Mood, Tone And Diction In Poetry

Mood, Tone And Diction In Poetry
📌Category: Literature, Poems
📌Words: 1068
📌Pages: 4
📌Published: 03 April 2021

Mood, literature wise, can be defined as the general feeling a reader seizes from the atmosphere an author has fabricated in their writing. Regardless of the mood being created, authors use diverse tactics and strategies to establish moods in their literature. In both poems, “Ode to Family Photographs,” by Gary Soto and “Abandoned Farmhouse,” by Ted Kooser, this transpires within the writing. Primarily, both authors use imagery to assist in delivering the reader a certain feel about the poems. Moreover, the diction used by the two writers aids in creating a tone for the audience by the connotation behind the words. Eventually, in both poems, the writers use the state in which the character’s family life sits to establish mood. In summary, even though the moods in both “Ode to Family Photographs,” by Gary Soto and “Abandoned Farmhouse,” by Ted Kooser are not the same, the authors use related techniques in constructing the mood of the poems.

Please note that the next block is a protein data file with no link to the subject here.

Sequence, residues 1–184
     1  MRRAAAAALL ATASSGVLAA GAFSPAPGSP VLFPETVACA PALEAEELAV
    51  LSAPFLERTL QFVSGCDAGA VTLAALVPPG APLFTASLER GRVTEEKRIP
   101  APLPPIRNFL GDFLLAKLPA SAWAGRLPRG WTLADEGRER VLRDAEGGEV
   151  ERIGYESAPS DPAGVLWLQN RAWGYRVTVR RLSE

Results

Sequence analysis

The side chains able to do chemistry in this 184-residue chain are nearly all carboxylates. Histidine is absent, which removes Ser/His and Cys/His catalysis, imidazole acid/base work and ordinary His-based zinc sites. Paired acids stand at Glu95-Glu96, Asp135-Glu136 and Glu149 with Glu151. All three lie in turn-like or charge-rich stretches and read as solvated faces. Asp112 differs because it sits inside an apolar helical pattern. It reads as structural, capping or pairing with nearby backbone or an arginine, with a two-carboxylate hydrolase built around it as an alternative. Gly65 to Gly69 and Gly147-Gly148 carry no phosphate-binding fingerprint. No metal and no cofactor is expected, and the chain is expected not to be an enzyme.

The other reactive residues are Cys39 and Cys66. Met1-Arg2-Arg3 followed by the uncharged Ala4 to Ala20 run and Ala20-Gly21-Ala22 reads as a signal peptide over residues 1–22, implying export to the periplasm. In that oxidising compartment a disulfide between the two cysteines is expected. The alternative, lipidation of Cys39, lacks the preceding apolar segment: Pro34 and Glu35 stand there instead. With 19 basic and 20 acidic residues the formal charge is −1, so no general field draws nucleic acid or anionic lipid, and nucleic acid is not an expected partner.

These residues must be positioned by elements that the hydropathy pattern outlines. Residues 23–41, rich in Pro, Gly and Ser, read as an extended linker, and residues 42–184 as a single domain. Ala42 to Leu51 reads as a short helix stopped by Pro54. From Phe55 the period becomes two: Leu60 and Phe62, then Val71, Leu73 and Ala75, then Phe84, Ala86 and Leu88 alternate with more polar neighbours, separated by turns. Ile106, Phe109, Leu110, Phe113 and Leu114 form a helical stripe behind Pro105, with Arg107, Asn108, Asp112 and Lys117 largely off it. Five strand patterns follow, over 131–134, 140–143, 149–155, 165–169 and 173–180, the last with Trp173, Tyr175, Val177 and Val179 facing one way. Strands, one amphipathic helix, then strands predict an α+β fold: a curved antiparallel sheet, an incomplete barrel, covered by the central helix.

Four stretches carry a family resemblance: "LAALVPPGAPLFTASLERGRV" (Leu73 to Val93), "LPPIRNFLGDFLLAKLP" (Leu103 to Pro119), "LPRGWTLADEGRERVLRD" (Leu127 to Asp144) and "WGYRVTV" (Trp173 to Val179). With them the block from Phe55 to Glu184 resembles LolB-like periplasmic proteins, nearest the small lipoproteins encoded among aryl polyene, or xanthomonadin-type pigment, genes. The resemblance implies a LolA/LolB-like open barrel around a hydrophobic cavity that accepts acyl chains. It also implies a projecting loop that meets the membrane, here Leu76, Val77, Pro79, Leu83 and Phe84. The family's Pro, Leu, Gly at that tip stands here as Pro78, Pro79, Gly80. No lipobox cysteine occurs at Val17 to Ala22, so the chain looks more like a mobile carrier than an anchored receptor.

To initiate, both writers did a superb job of assembling the mood within the poems they composed by creating different environments in the audience’s imaginations. This was achieved by using imagery in a manner that embodies the aura of the literature. In “Ode to Family Photographs,” we can naturally concur that the mood of the poem would allude to a cheerful and joyful mood as a result of the cheerful memories being brought up by the narrator. To demonstrate, the poem states, “But we had fun when Mama picked up the camera. How can I tell? Each of us is laughing hard.” This contributes to the reader’s comprehension of the mood because it helps them paint a festive picture of a close and joyful family having an entertaining time looking back at memories. On the other hand, in “Abandoned Farmhouse,” we can determine that the mood would be morose and devastating. For illustration, the text states, “on the floor below the window, dusty with sun; but not a man for farming, say the fields cluttered with boulders and the leaky barn.” The dreary imagery that this quote created by the home not being well kept would lead the reader to influence the reader to think of the mood as morose. We can associate the negligent behaviors of the homeowner, of not keeping the house tidy, to reasonings that might involve depressing backgrounds. In relation to this, businesses and companies use the same tactic of “imagery” to help describe and bring attention to their sales. Suppose that you see an advertisement for a beach resort, the company might put in phrases such as “pleasure, comfort and relaxation” or “luxurious getaway,” these descriptions help create certain images in a consumer's mind that benefit the owners of these properties.